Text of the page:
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40177The Right to Fresh Laundry...shall not be infringed upon

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  • Padraic Brown
    Jul 10, 2014
      The rights and priviledges some people enjoy are quite curious in some parts of the World.
      For example, if you live in Auntimoany, and live in a house in a town or city, you will have
      the free right to _lavanderment_, and, within reason, are free from the tax of _lavanderage_.

      According to an Act of Parliament (1743), "The Free Right of the householder (a free Citizen 
      of the Empire) to keep, maintain and use a cord of rope for the purpose of airing the freshly 
      laundered linens, naps, bedclothes, tunics, capes or other articles of outer clothing of that
      household without fee or let of the household to which the cord be attached shall not be infringed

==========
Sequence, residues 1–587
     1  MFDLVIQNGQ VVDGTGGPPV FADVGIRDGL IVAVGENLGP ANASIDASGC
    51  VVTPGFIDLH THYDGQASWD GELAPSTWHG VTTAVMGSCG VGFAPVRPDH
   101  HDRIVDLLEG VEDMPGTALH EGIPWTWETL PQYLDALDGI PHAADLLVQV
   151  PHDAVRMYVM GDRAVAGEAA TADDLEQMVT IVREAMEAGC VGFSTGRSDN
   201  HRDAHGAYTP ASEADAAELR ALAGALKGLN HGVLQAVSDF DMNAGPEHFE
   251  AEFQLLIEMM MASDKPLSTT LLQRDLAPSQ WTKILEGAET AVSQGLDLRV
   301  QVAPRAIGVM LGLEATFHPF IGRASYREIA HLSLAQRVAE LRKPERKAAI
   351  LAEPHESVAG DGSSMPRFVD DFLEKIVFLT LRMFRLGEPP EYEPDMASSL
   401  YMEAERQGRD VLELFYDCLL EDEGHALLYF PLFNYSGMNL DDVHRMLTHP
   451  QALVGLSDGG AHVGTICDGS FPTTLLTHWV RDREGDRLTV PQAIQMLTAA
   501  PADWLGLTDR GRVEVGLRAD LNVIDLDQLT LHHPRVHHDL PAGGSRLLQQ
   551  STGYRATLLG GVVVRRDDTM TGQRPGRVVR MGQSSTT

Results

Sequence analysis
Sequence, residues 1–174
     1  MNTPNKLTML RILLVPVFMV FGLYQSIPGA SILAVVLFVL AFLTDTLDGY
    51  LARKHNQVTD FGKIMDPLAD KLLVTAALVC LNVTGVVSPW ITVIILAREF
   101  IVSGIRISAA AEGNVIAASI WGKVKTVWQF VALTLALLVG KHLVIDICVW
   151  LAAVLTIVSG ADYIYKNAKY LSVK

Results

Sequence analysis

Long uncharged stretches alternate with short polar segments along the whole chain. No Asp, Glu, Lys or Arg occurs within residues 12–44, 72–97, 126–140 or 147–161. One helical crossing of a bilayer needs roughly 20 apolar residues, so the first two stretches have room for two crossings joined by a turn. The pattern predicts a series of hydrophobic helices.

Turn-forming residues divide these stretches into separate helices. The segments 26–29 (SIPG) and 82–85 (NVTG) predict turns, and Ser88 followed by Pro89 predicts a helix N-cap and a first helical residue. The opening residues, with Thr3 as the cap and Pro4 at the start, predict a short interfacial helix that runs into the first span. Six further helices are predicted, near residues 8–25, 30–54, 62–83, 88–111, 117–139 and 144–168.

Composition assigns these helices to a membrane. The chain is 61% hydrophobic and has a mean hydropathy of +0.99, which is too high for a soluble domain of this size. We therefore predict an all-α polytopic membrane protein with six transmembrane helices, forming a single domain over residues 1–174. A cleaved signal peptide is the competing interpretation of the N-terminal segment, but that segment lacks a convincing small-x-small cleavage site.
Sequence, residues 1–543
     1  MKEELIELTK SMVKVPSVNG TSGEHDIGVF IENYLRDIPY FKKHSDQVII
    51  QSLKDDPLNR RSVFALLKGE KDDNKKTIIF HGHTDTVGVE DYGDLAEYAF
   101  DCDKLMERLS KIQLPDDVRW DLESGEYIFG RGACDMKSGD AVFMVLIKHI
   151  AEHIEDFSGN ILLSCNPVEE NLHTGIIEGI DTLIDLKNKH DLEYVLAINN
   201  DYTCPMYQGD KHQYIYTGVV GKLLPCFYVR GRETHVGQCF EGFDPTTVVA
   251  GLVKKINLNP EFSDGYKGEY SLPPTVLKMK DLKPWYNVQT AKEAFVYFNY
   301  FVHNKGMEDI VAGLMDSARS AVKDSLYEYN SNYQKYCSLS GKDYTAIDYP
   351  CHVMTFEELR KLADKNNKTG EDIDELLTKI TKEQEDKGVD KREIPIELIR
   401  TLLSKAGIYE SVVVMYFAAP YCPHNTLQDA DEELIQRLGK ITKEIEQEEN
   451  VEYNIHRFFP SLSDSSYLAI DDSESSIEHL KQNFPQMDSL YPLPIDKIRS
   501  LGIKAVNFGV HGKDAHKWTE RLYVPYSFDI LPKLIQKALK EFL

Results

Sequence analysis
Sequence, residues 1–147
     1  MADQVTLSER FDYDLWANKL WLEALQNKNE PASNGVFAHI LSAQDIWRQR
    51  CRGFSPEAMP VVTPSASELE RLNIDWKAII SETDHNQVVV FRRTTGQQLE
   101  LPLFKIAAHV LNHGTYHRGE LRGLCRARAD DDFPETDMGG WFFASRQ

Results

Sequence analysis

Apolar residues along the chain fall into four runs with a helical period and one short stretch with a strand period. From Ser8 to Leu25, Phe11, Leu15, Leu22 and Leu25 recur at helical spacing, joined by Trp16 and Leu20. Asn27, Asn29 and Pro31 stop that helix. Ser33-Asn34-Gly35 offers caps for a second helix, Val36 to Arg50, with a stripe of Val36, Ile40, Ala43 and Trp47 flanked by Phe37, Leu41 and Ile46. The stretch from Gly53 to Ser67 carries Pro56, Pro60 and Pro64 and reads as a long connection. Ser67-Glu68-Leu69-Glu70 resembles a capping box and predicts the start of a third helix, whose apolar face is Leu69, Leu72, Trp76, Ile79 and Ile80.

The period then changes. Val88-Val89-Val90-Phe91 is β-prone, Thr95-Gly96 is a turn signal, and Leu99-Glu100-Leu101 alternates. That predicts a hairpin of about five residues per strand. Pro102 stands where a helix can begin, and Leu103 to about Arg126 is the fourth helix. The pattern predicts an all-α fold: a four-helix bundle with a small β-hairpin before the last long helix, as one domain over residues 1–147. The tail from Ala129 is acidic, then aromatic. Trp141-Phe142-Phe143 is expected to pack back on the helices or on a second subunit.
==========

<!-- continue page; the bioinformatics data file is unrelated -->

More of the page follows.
The privilege of double or treble lavanderment, whereby two or three stays are made fast to the 
      other house, may be granted by the leave of the landlord of that house and the tenant thereof. The
      fee of lavanderage of one half daler each month shall be rendered upon the meridies (the 15th 
      of the month) and payed equally to the landlord and the tenant thereof.

      The penalty for withholding the rightful lavanderage due the landlord shall not exceed seven
      dalers. The penalty for assessing false lavanderage upon ones neighbor shall not exceed
      fourteen dalers."

      So, in Auntimoany, you have the right to freshly air dried laundry, but apparently you can't
      air out your underwear in such a public manner!

      It might also be of interest to note that it's easy to get around having to pay the tax for
      multiple clotheslines. Since the tax is levied on a per attachment to the other house basis,
      some householders have taken to stringing multiple lines from their house to a single ring
      attached free to the house across the way. Others use a set of pulleys, also attached to
      a single base upon the other house.

      Any strange or even silly rights enshrined in law in your cultures?

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